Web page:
Breaking and Training the Stock Horse by Charles O. Williamson

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Breaking and Training the Stock Horse by Charles O. Williamson

Contents include:

  • The Seat or Sticking On
  • Riding on a Slack Rein
  • Tact
  • Teaching a Horse to Walk Beside You
  • The Barn Raised Colt
  • Breaking the Wild Range Colt
  • Odd Horses- the Running W
  • Suppling a horse and making him light
  • The Sidepass
  • Working the Square
  • Drunk Man
  • Change of Leads
  • Two track
  • Standing for Mounting
  • Ground Tying
  • Advanced Longe Line Work
  • Learning to Ride a Bucking Horse
  • Loading in a Trailer
  • Roping, Pole Bending, Barrel Racing, Cutting

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Breaking and Training the Stock Horse
by Charles O. Williamson
Illustrations by Carol Hoobing

$70  SOLD              


  • Autographed by author
  • Caxton Printers 1950 copyright - 1958 printing.
  • Third Edition
  • 7.25" x 10.25".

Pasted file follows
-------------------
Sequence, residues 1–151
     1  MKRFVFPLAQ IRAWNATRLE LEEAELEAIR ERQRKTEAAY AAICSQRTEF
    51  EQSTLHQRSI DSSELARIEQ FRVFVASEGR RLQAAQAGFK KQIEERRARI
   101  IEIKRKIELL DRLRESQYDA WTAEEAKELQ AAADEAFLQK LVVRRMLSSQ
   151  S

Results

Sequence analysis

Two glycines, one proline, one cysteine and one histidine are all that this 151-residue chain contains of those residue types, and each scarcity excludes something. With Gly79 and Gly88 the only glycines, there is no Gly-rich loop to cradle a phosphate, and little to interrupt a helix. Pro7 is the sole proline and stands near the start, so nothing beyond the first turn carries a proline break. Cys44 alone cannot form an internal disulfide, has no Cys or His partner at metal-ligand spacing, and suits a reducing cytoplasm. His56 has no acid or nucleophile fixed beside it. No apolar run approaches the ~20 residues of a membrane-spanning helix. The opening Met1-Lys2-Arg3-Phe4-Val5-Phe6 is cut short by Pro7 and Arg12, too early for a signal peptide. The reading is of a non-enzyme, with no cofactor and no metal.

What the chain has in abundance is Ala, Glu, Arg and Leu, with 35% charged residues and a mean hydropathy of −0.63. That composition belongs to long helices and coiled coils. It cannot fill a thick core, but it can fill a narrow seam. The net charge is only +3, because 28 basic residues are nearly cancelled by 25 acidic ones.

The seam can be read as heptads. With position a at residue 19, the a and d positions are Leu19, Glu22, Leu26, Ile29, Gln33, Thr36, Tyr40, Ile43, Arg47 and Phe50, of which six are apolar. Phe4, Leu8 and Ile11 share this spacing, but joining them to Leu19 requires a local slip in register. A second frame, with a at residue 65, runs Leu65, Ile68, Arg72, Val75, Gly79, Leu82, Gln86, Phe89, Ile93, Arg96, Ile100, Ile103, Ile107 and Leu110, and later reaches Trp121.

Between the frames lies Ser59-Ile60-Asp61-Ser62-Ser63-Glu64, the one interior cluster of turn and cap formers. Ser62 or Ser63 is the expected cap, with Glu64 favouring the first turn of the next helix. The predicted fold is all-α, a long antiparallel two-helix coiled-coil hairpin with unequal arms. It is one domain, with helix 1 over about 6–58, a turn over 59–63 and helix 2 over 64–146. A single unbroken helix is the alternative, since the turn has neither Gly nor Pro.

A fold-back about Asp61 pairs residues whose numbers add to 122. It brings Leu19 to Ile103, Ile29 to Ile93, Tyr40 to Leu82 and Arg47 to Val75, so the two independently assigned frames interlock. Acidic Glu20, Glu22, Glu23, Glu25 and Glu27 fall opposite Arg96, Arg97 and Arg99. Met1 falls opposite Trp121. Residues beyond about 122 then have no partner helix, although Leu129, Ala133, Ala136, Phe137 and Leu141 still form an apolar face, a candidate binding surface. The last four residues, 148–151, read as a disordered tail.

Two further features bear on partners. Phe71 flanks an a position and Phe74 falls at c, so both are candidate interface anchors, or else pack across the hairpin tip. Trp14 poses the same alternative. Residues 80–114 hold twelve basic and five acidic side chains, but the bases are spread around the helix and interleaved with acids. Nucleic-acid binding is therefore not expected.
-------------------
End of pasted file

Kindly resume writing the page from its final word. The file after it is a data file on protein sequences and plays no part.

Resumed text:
Hardbound book is very good condition - tight, clean.
  • Very clean and tight inside. No writing, marks or tears except for author's autograph.
  • Dust jacket is in good condition with a chip on top edge and a water stain in lower left corner.
  • 121 pages

"Breaking and Training the Stock Horse is the first horse training book I ever read. I was given a first edition copy in 1957 by one of my mentors, a cowgirl who worked on a ranch in Elko, Nevada.

"Charles Williamson wrote about horsemanship and feel and encouraged readers to observe the horse and to think - way back in the 1950s - before today's Natural Horsemanship movement. Williamson encouraged trainers to be light and balanced in their riding. One of the cornerstones of his ground training and mounted training was the turn on the forehand which many modern clinicians claim is the key to their methods - today it is called by many names such as disengaging or breaking loose the hindquarters or yielding, but it is actually a turn on the forehand.

"Some of the restraint methods in Williamson's book (which were used in the movie, "The Horse Whisperer") are not necessary for normal horse training but here is one of the few books that does discuss them. So for historical interest, this is a legendary book.

"I credit Williamson's book with starting me on the right track - influencing my training philosophies and style to listen to the horse, to work with the horse and not against him, to develop a thorough ground training program. I will try to keep copies of this hard-to-find (out of print) classic available on my website so you too can benefit from Williamson's good advice."Cherry Hill


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